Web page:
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AOB in Management Literature




Examples of Behavioural Technology abound in Management literature and have been applied over several decades:-

Managerial Psychology  by H. Leavitt, Professor at Carnegie Institute of Technology, contains a chapter on "Manipulation".  Of the manipulation by A of B, Leavitt writes:-

 ..... step 1 is to develop the relationship with B so that B comes to value it; step 2 is to use the now-valuable relationship itself as a bargaining weapon in bringing about change ..... we make a person feel love and loyalty towards us, and then we demand of him that he changes the beliefs he holds dear ..... places him in a dissonant state he must choose between his beliefs and his feelings towards us .....  If we're clever he changes his beliefs ..... the next step is the use of group pressures; pressures by other people, C's and D's.

(Changing is) facilitated greatly if the influence agent saturates the environment with the new message or attitude to be learned.

If we are to develop a sound theory of career development which is capable of including not only many of the formal procedures discussed in this paper but the multitudes of informal practices, some of which are more and some of which are less coercive than those discussed, we need to suspend moral judgements for the time being and evaluate influence models solely in terms of their capacity to make sense of the data and to make meaningful predictions.

In Attitude Change and Social Influence, A.R. Cohen has written:-

Family, friends, classmates, team-mates, instructors, counselors - these and many others constitute reference points for us and our opinions and our actions are partly shaped by them ..... every person depends upon others for his view of the world around him, for his standards of right and wrong and for the establishment of his ideals and aspirations ..... When we consider this intimate relationship between the person and the social group, we can understand. how breaking up a person's stable relationship with the group about him can be an effective precursor to influencing. him ..... disrupting the relationship creates chaos within him and makes him vulnerable.

In Learning for Leadership, A.K. Rice of the Tavistock Institute for Human Relations wrote:-

..... the conference is therefore designed to take members as quickly as possible into that series of events that experience has shown creates the greatest anxiety .....  A conference management that creates situations in which stress and strain are inevitable always has to face the possibility that some members ..... will be unable to tolerate them .....  Those that leave, leave; as individuals they move out of the boundaries of the conference and hence out of the area of responsibility of conference management .....  The very task they (the conference management) are trying to carry out precludes them from caring for one individual at the expense of the conference as a whole.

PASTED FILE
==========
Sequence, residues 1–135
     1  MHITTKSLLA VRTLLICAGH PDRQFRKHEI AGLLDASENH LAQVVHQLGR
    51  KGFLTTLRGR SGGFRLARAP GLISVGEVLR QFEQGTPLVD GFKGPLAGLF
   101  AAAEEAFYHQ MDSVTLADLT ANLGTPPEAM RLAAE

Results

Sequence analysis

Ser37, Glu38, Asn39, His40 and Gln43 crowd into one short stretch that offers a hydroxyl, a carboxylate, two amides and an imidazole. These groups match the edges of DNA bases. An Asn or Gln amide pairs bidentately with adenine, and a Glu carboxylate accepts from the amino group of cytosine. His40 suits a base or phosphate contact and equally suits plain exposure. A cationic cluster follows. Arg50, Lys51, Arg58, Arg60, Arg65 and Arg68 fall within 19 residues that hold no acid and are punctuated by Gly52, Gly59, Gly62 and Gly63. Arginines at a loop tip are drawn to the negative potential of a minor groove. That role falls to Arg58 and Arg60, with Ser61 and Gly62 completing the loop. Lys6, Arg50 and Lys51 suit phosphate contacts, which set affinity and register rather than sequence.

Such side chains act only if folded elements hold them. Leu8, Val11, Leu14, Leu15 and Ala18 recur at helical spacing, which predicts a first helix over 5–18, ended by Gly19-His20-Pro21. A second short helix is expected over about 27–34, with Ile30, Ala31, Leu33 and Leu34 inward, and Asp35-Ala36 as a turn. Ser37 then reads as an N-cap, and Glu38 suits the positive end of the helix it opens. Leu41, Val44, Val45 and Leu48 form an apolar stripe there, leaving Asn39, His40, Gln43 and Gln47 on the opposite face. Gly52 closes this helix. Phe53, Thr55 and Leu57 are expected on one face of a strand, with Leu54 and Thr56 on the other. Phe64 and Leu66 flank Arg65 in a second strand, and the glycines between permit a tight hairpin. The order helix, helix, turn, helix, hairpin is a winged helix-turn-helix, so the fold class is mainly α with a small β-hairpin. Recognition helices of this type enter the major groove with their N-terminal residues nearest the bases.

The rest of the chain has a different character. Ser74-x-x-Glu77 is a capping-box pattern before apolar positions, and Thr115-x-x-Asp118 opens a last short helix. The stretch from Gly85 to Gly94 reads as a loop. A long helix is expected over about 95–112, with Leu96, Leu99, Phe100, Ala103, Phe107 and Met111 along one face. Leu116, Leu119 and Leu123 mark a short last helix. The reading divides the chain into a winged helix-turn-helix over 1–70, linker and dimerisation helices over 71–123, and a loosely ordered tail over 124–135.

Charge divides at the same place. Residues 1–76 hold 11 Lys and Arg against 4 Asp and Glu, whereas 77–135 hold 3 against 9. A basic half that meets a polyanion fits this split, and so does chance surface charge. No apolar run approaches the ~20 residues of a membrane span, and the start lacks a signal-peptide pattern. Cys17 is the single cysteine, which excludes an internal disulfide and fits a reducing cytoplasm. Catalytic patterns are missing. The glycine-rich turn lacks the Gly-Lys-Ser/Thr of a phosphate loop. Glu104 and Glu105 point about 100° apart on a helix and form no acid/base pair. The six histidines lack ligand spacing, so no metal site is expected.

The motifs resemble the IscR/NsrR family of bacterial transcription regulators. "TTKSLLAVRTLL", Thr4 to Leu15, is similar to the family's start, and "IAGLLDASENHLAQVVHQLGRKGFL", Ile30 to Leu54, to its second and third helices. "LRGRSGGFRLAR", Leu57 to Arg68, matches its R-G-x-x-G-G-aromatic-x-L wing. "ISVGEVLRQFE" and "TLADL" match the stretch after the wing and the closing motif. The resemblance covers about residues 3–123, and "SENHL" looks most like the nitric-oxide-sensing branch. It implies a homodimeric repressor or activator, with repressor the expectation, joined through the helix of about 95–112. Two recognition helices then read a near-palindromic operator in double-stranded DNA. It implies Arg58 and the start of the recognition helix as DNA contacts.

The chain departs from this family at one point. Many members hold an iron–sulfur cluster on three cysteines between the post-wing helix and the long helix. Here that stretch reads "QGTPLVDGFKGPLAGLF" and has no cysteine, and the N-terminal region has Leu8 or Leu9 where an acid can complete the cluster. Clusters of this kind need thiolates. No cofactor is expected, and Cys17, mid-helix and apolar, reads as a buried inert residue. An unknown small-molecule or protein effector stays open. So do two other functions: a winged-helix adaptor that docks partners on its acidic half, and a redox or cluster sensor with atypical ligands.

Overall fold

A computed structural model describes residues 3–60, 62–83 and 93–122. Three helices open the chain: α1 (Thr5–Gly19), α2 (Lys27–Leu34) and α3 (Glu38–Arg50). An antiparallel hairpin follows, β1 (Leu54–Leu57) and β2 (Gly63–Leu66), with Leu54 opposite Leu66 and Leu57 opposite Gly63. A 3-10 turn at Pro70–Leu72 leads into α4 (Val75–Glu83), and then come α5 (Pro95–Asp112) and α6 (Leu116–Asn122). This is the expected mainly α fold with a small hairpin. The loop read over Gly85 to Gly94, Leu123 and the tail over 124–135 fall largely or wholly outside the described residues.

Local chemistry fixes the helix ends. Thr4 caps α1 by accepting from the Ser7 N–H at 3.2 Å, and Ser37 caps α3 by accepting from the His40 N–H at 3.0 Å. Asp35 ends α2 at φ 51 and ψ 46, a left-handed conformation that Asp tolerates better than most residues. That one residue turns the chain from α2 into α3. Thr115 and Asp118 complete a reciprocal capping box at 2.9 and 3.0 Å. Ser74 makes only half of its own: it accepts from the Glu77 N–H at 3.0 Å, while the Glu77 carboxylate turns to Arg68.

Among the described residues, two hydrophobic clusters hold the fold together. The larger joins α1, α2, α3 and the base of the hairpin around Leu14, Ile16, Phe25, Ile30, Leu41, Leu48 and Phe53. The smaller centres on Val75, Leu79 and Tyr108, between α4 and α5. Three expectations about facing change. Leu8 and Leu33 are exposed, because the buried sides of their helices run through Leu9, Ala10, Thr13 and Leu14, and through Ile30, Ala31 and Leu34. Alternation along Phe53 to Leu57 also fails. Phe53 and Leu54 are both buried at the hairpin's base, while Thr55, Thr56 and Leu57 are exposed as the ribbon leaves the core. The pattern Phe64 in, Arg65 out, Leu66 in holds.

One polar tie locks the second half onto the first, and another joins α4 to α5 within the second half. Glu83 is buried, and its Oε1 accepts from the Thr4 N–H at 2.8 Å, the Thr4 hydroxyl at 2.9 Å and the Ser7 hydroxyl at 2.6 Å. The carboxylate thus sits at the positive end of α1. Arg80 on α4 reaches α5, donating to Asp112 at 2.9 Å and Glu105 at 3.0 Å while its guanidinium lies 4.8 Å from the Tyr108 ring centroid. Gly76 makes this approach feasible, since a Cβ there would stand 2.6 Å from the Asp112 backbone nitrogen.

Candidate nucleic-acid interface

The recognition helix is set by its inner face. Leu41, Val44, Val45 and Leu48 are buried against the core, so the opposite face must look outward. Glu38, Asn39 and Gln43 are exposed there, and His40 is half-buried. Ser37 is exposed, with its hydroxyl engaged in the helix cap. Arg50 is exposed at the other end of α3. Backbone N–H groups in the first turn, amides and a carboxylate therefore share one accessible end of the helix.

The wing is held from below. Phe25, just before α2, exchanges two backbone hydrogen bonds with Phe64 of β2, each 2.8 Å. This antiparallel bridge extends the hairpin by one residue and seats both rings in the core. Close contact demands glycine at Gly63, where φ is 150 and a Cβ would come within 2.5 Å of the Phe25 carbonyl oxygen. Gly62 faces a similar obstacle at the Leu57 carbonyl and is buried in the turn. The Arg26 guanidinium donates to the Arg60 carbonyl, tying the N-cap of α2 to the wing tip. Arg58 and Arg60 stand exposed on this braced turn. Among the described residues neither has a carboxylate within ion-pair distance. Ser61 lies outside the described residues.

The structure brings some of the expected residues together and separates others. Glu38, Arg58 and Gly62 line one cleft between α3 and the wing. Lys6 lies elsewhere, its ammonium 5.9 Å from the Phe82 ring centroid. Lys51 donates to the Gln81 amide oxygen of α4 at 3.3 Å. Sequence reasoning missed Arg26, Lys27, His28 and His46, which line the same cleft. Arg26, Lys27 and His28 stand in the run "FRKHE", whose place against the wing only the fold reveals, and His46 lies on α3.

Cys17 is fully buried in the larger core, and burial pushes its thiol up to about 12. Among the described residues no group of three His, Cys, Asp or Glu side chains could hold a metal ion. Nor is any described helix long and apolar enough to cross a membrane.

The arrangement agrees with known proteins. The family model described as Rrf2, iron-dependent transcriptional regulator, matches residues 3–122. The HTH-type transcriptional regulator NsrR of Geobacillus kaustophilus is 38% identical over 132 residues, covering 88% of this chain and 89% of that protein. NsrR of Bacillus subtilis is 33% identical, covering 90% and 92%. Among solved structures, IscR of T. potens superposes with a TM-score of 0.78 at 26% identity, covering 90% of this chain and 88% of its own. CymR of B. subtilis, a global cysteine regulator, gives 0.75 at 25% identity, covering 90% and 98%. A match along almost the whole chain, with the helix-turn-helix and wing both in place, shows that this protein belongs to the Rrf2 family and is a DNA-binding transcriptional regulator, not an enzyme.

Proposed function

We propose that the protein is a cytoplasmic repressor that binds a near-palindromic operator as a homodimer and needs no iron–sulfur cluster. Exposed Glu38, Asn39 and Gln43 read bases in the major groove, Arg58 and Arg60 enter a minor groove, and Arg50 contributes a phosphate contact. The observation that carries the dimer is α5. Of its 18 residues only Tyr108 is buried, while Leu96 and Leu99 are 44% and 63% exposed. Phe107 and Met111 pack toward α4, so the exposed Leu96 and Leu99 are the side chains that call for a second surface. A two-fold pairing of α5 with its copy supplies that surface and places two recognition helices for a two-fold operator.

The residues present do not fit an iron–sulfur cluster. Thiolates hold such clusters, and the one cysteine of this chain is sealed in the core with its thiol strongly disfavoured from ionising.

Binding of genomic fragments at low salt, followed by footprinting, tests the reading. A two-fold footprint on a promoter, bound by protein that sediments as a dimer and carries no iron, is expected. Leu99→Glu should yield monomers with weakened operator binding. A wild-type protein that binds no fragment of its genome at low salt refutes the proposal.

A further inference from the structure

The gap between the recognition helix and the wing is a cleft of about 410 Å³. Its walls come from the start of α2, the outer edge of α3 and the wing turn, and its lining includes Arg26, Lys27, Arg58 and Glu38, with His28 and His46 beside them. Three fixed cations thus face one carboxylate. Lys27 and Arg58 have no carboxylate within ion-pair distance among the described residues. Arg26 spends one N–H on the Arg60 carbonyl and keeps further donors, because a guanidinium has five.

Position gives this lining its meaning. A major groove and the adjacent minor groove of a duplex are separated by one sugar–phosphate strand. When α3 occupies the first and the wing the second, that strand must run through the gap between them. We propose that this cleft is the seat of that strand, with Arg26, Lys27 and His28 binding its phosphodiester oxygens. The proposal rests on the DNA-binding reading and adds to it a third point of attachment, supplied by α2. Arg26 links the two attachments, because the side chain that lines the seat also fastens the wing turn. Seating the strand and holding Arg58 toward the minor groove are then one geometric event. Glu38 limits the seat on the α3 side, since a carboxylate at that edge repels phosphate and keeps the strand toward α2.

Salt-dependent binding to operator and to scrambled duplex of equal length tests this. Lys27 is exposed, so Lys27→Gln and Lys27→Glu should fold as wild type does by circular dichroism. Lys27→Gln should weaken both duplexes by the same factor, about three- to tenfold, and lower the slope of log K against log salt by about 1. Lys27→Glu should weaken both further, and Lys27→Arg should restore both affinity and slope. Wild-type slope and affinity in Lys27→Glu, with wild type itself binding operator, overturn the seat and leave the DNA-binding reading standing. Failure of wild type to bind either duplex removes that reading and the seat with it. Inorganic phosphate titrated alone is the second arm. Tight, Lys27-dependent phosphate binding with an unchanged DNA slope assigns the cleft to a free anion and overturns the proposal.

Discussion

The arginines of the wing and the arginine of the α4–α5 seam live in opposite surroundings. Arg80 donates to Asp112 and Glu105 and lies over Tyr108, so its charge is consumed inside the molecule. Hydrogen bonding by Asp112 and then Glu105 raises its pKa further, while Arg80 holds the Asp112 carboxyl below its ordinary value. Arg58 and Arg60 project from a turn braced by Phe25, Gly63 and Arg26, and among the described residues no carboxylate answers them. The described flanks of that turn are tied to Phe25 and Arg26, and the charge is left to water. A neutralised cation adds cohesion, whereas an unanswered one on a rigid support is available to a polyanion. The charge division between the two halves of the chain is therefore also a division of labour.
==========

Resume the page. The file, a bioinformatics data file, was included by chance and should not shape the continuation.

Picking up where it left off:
On Intriguers in Organisations, R.L. Clarke wrote in The Professional Engineer:-

The grapevine is the unofficial communications network which usually surpasses the official one in effectiveness and speed.  Though formed for defensive purposes only, it can be used by the unscrupulous for planting true or partly true information which is harmful to rivals, which is unsafe or at any rate not respectable to report direct ..... getting things done by personal relationships, often by methods amazingly indirect.

Other Behavioural Technology topics covered in management literature include:-

T-Groups  The use of unstructured groups for training purposes was covered in many publications. T-Groups have been used in several fields, including the Church.

One more time, how do you motivate employees by Fred Herzberg.  Psychological carrots and sticks (KITA) are described as non-motivating.

Management & Machiavelli by Anthony Jay.  Large companies are now the size of states in Machiavelli's time - they can be run the same way.


These examples are from the 1960's and will have conditioned the thinking of many managers until well into the 1980's.  Inevitably, what was taking place in the real world during that period was far more developed, complex and uncontrolled than was described in the literature.  The same disparity undoubtedly applies to practices linked to present-day management literature.



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